If you’re moved to pity for the Philadelphia Insectarium and Butterfly Pavilion, the museum has a GoFundMe page in hopes of covering some of the costs of replacing its creatures. Its ongoing theme for the facility is to “educate and engage people with the wonderful world of insects.” As to the wonderful world of employees …

A DIFFERENCE CATCH: A gorgeous 33-inch red drum was caught this week up Island Beach State Park way. It was released because it sized-in outside NJ’s keepable slot range between 18 and 27 inches. That slot precludes the breaking of the state record, which weighed in at 55 pounds, taken in 1985 by Daniel Yanino. It was caught in Great Bay.

We used to be gill-deep in red drum, until we purposely fished them to near extinction in Jersey waters. That species slaughter dates to a goodly time back, primarily the first half of the 20th century, when they were locally known as channel bass. That name would now garner a blank stare from most anglers.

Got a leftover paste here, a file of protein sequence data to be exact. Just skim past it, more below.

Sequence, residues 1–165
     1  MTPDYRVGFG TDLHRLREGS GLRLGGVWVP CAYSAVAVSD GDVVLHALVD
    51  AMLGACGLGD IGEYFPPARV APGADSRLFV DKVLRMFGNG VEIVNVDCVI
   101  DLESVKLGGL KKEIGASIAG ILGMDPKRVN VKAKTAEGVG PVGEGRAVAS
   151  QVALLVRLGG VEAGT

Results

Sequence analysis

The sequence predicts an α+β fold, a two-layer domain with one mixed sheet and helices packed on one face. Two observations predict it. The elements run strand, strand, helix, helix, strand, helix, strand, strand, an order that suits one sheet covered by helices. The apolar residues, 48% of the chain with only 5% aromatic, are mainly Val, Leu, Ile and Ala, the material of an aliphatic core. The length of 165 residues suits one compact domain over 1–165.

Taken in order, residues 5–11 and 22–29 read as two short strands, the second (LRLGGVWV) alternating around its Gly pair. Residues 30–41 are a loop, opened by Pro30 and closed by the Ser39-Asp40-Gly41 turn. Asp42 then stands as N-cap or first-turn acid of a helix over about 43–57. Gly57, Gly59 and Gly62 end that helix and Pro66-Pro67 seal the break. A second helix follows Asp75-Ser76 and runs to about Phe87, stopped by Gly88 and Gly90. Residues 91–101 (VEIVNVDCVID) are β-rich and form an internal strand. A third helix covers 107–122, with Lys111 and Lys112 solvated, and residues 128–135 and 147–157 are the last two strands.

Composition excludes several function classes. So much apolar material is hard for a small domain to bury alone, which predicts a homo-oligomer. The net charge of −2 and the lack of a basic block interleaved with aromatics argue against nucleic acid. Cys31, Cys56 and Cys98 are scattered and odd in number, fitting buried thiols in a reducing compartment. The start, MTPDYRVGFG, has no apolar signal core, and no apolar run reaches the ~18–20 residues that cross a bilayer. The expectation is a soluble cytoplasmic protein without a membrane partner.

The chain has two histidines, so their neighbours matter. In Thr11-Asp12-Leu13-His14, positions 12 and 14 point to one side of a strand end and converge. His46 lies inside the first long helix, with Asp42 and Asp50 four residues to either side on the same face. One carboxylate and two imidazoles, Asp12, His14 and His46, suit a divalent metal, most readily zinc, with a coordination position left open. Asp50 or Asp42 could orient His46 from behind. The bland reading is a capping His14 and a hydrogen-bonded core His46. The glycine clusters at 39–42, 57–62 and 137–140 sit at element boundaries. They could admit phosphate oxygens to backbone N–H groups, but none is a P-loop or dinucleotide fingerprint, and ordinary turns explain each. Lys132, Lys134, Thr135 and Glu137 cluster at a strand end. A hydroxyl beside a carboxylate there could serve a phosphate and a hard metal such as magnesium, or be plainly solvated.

In our channel bass heyday, it was an NJ fishery that easily outsized and greatly outnumbered striped bass. It even out-drummed places like North Carolina’s Outer Banks, now the epicenter of hardcore red drum angling. Then, the moronic madness began. The species was unfairly targeted as both a nuisance fish and a bane to shellfisheries. I’ve been told they were also attacked to make room for striped bass, though I’ve never read that in olden articles.

Whatever, they were hunted down with a vengeance. Many an archive photo shows dozens of huge channel bass, many over 50 pounds, hanging to rot in the sun. They were never eaten. In fact, they were thought too inedible for even pets. It was either off to the fertilizing fields with them … or into pits.

A quick ironic mention that red drum is now at the heart of blackened redfish, one of the most desirous meals in many areas of America, where it has been overfished for its flavor. Go figure.